• 5 kobo (₦0.05)
  • 10 kobo (₦0.10)
  • 20 kobo (₦0.20)

Due to inflation, Nigerian coins are all essentially worthless now. Each coin has an extremely low value.


Banknotes were to be printed in denominations of:

  • 50 kobo (₦0.50)
  • 1 naira (₦1)
  • 5 naira (₦5):
  • 10 naira (₦10)
  • 20 naira (₦20)
  • 50 naira (₦50)
  • 100 naira (₦100)
  • 200 naira (₦200)
  • 500 naira (₦500)
  • 1000 naira (₦1000)
    • 50 kobo & 1 naira — no longer in use
    • 5 naira - had lesser value in 2018

Exchange rates

This table shows the historical value of one U.S. dollar in Nigerian naira. PM = parallel market.[26]

DateNaira per US$DateNaira per US$DateNaira per US$
19720.658199317.30 (21.90 PM)2014170–199
19730.658199422.33 (56.80 PM)2015199–300
19740.63199521.89 (71.70 PM)2016390–489
19750.616199621.89 (84.58 PM)2017?
19760.62199721.89 (84.58 PM)2018360
19770.647199821.89 (84.70 PM)2019305
19780.606199921.89 (88–90 PM)
19790.596200085.98 (105.00 PM)
19800.550 (0.900 PM)200199–106 (104–122 PM)
19810.612002109–113 (122–140 PM)
19820.6732003114–127 (135–137 PM)
19830.7242004127–130 (137–144 PM)
19850.894 (1.70 PM)2006128.50–131.80
19862.02 (3.90 PM)2007120–125
19874.02 (5.90 PM)2008115.50–120
19884.54 (6.70 PM)2009145–171
19897.39 (10.70 PM)2010148.21–154.8
19907.39 (10.70 PM)2011151.05–165.1
19918.04 (9.30 PM)2012155.09–161.5
Current NGN exchange rates

See also


  1. "Central Bank of Nigeria - Home". Central Bank of Nigeria. Central Bank of Nigeria. Retrieved 6 August 2014.
  2. "Central Bank of Nigeria:: History of The Currency".
  3. "Nigeria leaves key rate at 12 pct as expected", Reuters, 31 January 2012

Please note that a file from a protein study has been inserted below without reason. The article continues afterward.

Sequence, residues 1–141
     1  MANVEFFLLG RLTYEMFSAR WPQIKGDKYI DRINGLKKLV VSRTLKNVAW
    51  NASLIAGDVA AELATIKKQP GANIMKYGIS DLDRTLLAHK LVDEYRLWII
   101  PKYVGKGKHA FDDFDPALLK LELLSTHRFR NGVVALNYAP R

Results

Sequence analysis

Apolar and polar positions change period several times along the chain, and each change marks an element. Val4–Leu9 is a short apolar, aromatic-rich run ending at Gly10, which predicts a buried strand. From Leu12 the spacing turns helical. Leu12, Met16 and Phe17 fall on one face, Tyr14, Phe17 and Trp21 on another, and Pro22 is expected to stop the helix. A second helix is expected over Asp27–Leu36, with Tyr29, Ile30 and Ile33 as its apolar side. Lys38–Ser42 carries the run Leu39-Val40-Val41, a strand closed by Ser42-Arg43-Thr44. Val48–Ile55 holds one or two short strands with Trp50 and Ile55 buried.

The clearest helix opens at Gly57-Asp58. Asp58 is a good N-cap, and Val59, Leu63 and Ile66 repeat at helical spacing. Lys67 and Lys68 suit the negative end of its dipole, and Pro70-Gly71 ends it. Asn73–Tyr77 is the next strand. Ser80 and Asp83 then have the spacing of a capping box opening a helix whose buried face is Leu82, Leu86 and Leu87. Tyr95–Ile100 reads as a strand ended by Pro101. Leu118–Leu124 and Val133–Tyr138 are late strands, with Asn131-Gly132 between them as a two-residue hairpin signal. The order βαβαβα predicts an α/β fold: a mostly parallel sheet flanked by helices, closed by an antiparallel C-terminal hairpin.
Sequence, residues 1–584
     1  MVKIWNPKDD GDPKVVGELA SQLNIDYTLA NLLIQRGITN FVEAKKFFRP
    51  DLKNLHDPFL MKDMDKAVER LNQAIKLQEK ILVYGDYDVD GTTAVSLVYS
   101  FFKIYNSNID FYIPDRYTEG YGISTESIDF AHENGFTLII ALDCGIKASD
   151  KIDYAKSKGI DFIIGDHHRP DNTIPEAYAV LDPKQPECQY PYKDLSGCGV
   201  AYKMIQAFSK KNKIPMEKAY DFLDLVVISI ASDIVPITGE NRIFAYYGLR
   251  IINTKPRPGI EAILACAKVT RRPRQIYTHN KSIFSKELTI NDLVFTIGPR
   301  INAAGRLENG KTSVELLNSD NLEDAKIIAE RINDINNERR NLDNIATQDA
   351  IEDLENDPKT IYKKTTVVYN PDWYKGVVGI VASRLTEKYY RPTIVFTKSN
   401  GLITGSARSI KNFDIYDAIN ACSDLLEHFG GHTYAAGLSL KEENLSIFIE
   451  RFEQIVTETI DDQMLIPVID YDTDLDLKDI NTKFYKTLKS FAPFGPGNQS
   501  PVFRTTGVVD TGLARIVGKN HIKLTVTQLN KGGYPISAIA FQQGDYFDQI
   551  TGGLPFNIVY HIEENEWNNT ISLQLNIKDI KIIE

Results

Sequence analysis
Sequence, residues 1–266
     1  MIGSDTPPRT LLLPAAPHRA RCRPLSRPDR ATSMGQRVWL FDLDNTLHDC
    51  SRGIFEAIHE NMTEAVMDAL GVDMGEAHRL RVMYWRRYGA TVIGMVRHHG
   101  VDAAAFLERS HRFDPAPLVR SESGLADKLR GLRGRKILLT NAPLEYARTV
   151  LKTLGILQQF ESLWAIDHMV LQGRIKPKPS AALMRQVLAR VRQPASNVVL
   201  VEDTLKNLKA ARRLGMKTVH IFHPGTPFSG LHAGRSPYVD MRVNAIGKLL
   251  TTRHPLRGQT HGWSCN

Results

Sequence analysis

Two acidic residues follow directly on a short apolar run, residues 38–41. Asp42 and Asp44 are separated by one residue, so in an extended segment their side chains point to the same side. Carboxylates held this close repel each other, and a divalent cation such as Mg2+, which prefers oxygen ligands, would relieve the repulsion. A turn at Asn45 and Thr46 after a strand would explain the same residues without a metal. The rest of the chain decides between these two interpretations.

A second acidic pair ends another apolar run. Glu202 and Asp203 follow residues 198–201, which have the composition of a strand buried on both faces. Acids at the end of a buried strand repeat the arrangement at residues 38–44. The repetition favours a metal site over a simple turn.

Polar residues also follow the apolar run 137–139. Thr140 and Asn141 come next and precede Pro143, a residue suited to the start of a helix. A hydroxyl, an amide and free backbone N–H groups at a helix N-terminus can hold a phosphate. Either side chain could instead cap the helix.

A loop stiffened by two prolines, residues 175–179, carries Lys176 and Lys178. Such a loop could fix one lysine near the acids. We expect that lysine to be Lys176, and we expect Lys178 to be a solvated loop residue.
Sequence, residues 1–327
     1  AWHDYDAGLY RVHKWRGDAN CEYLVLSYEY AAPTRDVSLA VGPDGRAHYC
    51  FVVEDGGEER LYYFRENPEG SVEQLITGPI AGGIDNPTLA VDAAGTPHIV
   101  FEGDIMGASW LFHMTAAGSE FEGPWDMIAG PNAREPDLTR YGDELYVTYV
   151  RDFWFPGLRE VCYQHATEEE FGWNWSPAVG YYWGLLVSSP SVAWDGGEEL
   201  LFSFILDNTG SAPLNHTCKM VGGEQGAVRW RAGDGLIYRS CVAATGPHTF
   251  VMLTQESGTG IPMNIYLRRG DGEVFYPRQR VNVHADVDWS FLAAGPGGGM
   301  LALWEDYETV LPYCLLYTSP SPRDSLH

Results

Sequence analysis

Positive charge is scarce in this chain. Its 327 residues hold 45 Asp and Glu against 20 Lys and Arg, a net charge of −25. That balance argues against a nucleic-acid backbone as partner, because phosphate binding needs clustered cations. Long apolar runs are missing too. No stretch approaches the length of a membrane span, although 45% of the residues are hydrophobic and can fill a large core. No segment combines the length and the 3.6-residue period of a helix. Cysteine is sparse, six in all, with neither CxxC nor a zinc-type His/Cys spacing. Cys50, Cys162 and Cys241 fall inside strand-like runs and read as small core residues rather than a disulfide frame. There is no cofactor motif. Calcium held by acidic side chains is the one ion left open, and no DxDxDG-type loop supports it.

4. "Nigeria Floats its Currency". The Economist. 18 June 2016.
  5. "Nigeria: Nigeria's New Notes And Coins". This Day. 2007-02-21. Retrieved 2007-02-26.
  6. "Nigeria: New Currency - Two Per Cent of Withdrawals to Be in Coins - CBN". Vanguard. 2007-02-21. Retrieved 2007-02-26.
  7. Central Bank of Nigeria. "Old Coins - 1973 Coins". Archived from the original on 2006-01-17. Retrieved 2007-02-26.
  8. "Welcome to the New Central Bank of Nigeria Website".
  9. "Welcome to the New Central Bank of Nigeria Website".
  10. "Central Bank of Nigeria Website - Currency - 25 Kobo".
  11. "Welcome to the New Central Bank of Nigeria Website".
  12. "Welcome to the New Central Bank of Nigeria Website".
  13. "Central Bank of Nigeria - Did You Find".
  14. "CBN warns against fixing prices in foreign currency *To launch new notes Feb 2007". Vanguard Nigeria. 2006-11-06. Retrieved 2007-02-26.
  15. "Big banknote too much for Nigeria". 29 December 1999 via
  16. CBN To Introduce N5000, N2000 Notes; N50, N20, N10 Coins Archived May 16, 2012, at the Wayback Machine
  17. Nigeria to abandon polymer banknotes Archived March 4, 2016, at the Wayback Machine September 13, 2012. Retrieved on 2012-11-09.
  18. CBN Clarifies Decision to Abandon Polymer Banknotes AllAfrica ( September 12, 2012. Retrieved on 2012-11-09.
  19. Plan to Phase-out Polymer Banknotes Stirs New Controversy Archived April 27, 2013, at the Wayback Machine This Day Live ( April 24, 2013. Retrieved on 2013-04-25.
  20. "New ₦100 Commemorative Centenary Celebration". Archived from the original on 2015-09-08. Retrieved 2018-12-26.
  21. Nigeria new 100-naira commemorative confirmed Archived October 14, 2016, at the Wayback Machine February 9, 2015. Retrieved on 2015-02-13.
  23. "Archived copy" (PDF). Archived (PDF) from the original on 2007-09-26. Retrieved 2007-08-27.CS1 maint: archived copy as title (link)
  24. "Nigeria set to free its currency" Archived March 5, 2016, at the Wayback Machine, BBC News, 14 August 2007
  25. "Dollar to naira Parallel Market Rate:: 1USD to Naira".